Reorganization of sensory networks after subcortical vestibular infarcts: A longitudinal symptom-related voxel-based morphometry study
Eur J Neurol. 2022 Jan 31. doi: 10.1111/ene.15263. Epub ahead of print. PMID: 35098611.
|Authors/Editors:||Conrad J, Habs M, Ruehl RM, Boegle R, Ertl M, Kirsch V, Eren OE, Becker-Bense S, Stephan T, Wollenweber FA, Duering M, Dieterich M, Zu Eulenburg P.|
Background and purpose
We aimed to delineate common principles of reorganization after infarcts of the subcortical vestibular circuitry related to the clinical symptomatology. Our hypothesis was that the recovery of specific symptoms is associated with changes in distinct regions within the core vestibular, somatosensory, and visual cortical and subcortical networks.
We used voxel- and surface-based morphometry to investigate structural reorganization of subcortical and cortical brain areas in 42 patients with a unilateral, subcortical infarct with vestibular and ocular motor deficits in the acute phase. The patients received structural neuroimaging and clinical monitoring twice (acute phase and after 6 months) to detect within-subject changes over time.
In patients with vestibular signs such as tilts of the subjective visual vertical (SVV) and ocular torsion in the acute phase, significant volumetric increases in the superficial white matter around the parieto-opercular (retro-)insular vestibular cortex (PIVC) were found at follow-up. In patients with SVV tilts, spontaneous nystagmus, and rotatory vertigo in the acute phase, gray matter volume decreases were located in the cerebellum and the visual cortex bilaterally at follow-up. Patients with saccade pathology demonstrated volumetric decreases in cerebellar, thalamic, and cortical centers for ocular motor control.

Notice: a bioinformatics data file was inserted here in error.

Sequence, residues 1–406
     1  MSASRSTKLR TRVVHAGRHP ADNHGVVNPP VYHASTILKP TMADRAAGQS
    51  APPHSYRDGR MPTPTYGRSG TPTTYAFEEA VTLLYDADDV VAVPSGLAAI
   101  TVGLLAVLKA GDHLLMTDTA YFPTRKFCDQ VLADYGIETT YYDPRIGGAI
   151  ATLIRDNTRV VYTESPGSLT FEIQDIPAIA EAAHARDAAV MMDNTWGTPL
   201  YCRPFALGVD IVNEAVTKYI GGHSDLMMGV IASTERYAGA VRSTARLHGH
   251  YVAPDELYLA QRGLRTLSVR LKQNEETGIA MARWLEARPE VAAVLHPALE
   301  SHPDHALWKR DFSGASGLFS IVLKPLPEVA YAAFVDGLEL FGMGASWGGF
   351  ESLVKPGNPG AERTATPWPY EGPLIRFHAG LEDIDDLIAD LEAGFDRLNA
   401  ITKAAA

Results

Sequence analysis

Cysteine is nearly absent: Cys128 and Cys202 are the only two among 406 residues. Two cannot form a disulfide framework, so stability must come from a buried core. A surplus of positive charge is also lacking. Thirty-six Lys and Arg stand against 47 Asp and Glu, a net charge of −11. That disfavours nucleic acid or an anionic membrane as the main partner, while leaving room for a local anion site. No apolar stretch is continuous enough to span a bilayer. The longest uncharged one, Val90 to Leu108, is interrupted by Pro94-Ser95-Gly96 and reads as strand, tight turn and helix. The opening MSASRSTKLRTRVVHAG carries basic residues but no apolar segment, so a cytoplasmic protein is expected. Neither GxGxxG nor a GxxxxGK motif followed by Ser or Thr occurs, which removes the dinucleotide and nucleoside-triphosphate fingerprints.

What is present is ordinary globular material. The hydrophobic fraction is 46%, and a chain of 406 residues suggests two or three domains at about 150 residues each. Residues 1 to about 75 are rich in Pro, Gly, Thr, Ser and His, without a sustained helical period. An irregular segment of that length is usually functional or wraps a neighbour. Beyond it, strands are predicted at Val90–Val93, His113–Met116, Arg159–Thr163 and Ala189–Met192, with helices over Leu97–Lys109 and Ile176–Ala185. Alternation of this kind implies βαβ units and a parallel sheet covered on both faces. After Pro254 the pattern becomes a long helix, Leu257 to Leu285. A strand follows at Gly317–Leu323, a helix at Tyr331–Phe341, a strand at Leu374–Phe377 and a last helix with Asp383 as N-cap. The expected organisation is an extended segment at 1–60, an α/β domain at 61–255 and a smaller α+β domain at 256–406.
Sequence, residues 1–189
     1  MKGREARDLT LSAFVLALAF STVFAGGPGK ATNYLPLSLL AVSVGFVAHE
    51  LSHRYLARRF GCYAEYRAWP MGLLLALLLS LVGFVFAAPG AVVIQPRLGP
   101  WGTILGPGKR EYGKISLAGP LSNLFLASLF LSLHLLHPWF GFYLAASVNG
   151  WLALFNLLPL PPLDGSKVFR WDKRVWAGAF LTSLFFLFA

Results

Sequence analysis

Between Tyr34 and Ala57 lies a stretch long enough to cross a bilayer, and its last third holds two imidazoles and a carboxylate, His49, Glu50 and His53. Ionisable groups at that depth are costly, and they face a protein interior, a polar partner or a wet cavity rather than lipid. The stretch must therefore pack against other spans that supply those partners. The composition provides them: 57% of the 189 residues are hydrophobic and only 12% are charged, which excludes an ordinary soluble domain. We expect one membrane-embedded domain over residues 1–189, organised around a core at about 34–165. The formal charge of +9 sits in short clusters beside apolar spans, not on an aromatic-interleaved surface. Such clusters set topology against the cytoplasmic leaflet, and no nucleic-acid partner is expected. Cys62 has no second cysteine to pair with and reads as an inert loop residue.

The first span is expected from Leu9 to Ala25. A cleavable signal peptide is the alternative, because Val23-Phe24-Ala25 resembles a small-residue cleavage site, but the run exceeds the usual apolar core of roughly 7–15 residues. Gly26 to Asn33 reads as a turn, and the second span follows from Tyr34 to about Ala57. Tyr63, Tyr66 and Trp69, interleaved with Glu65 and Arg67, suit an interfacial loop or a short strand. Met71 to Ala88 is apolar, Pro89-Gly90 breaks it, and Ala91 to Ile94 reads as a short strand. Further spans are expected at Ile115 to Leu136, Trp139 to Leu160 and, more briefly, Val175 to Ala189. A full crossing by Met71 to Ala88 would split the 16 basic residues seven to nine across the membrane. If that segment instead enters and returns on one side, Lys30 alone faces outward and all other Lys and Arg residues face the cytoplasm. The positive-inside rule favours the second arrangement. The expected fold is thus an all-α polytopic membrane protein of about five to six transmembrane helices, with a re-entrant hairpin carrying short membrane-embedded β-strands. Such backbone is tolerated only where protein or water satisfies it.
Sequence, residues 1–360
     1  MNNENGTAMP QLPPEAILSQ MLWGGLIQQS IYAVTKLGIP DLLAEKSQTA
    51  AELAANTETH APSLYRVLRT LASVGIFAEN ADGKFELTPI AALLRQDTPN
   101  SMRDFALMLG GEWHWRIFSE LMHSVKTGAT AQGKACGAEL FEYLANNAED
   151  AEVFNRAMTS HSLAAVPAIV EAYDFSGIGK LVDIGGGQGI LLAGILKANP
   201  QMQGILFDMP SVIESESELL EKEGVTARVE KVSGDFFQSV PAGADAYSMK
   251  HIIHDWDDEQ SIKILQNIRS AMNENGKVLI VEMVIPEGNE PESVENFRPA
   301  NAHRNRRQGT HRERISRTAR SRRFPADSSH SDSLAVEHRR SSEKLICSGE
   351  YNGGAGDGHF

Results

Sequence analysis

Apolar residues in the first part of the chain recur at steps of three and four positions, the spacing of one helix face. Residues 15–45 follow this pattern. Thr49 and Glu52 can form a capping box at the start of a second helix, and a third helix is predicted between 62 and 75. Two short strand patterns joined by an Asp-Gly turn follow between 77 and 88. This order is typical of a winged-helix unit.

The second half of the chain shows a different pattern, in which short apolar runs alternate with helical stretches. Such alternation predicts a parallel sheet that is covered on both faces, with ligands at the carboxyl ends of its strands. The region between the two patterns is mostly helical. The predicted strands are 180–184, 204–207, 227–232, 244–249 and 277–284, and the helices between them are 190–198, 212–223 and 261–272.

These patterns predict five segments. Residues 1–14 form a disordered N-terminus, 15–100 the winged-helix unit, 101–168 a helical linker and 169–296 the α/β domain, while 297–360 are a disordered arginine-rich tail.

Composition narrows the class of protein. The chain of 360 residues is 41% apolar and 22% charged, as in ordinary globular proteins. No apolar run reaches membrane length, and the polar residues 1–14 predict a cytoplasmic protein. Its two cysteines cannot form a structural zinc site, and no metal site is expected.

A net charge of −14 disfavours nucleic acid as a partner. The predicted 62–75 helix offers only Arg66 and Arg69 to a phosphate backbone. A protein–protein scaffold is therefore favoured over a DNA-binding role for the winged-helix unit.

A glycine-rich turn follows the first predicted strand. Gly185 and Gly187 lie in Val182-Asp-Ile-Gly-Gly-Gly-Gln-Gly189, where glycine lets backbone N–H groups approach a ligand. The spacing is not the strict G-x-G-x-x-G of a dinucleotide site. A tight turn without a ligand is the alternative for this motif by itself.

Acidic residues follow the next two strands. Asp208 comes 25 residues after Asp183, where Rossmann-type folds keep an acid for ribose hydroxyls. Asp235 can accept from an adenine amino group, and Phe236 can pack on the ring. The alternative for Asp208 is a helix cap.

The findings support the role of the PIVC as the key hub for vestibular processing and reorganization. The volumetric decreases represent the reciprocal interaction of the vestibular, visual, and ocular motor systems during self-location and egomotion detection. A modulation in vestibular and ocular motor as well as visual networks was induced independently of the vestibular lesion site.